1. Melissa McCarthy: What a difference a decade and a half makes. After Go came Gilmore Girls, after Gilmore Girls came Samantha Who? and a movie called The Nines from Go writer John August that is actually well worth checking out if you haven't seen it. And then, all of a sudden, there was Bridesmaids and Mike and Molly and an Oscar nomination and an Emmy win and a bunch of box-office triumphs, and now Melissa McCarthy is one of the most bankable stars we have. And her one scene in Go STILL belongs on her reel.
2. Sarah Polley: She never did become a movie star, not really, though I'd still recommend movies like the Dawn of the Dead remake and Splice. She did become a director, however, and I can't imagine she or her fans would have had it shake out any other way. Her three feature films — Away from Her, Take This Waltz, and Stories We Tell — have set her up as one of the most promising and exciting young filmmakers working today.
3. Timothy Olyphant: The rare example of boyish sexy that translates into adult sexy quite well. Which isn't to say that Olyphant's virtues are purely surface level. He was quite good, if often overshadowed by more dynamic supporting characters, as the mightily clenched Seth Bullock in Deadwood, and now he's finishing up the fifth season as the lead in FX's Justified. Still waiting for the movies to figure out what to do with him, though I'd highly recommend checking out The Crazies.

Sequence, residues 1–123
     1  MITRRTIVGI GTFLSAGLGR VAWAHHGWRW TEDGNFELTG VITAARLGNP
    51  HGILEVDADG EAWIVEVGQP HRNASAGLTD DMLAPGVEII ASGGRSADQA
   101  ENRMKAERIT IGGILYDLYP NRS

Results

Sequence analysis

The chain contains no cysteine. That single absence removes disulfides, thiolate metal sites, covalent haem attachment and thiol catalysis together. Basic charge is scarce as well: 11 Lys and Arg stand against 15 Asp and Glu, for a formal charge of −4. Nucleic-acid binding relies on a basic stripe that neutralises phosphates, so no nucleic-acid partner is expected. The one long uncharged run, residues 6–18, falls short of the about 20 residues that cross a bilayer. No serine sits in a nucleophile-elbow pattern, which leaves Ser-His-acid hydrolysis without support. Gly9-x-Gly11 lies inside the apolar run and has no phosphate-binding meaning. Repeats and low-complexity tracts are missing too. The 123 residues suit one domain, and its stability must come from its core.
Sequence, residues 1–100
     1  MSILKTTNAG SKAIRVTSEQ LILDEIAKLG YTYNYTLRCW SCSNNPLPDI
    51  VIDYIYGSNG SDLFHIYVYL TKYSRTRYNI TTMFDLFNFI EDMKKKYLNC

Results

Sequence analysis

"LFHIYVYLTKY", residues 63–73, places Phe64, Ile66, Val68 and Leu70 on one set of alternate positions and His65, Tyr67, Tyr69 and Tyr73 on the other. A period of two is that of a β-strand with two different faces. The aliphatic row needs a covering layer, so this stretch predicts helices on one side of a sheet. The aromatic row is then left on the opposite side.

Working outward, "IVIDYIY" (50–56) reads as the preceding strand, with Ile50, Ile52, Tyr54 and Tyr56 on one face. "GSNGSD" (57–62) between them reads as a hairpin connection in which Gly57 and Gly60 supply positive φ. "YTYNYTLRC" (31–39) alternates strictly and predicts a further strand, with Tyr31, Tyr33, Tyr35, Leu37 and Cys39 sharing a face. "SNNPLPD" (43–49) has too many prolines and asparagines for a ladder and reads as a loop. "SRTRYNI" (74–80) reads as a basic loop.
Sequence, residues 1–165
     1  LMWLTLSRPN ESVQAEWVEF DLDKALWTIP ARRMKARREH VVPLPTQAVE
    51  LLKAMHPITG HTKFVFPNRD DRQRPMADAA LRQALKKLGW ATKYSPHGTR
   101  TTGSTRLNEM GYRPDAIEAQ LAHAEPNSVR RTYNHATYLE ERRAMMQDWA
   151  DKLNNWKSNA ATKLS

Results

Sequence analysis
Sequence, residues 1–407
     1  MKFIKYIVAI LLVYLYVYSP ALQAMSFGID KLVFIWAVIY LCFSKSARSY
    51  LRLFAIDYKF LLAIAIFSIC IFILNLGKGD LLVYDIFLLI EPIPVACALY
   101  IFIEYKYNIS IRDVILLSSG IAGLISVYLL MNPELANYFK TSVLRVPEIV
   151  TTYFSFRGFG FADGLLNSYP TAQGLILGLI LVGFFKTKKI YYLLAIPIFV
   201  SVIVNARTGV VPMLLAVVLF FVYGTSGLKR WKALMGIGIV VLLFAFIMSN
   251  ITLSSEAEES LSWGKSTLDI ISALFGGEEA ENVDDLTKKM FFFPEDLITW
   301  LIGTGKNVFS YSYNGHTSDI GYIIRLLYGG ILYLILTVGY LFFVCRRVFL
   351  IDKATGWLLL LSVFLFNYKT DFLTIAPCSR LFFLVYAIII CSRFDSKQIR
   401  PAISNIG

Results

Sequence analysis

4. Katie Holmes: Yes, still. Is she more of a fascination than a viable acting force at this stage? Certainly. But I still believe she'd be a perfect fit for a TV series that wanted to capitalize on her charm. Plus, she's still within that post-Tom-Cruise-divorce window that saw such professional success for Nicole Kidman and Penelope Cruz.
5. Jane Krakowski: Jenna Maroney is gone, Krakowski fans. Long gone. She's got quite the legacy after her time on 30 Rock, but it's time for a follow-up. Here's hoping Dead Boss for FOX makes it happen for her.
6. William Fichtner: Still character actor extraordinaire, only now most film/TV buffs know his name. And he'll be playing The Shredder in this summer's Michael Bay-ified Teenage Mutant Ninja Turtles, so there's that.
7. Taye Diggs: You know. He's doing okay. He'll be headlining TNT's summer series Murder in the First, Stephen Bochco's attempt to bring himself into the limted-series genre that he attempted to start back in the '90s with Murder One.
8. Breckin Meyer: Watching those fat Franklin & Bash checks come rolling in.
Everybody else from the Go cast has faded a good bit. You'll see James Duval and Scott Wolf around some, but they're not really headlining much. Every once in a while TV will try to make Jay Mohr happen again. The real loss is Nathan Bexton. What happened to that guy? It just never happened for him, which is too bad, because whenever I think of Go (and I do a lot), it's Bexton's closing line of "So. What are we doing for New Year's?" that lingers.
This article is from the archive of our partner The Wire.
We want to hear what you think about this article. Submit a letter to the editor or write to firstname.lastname@example.org.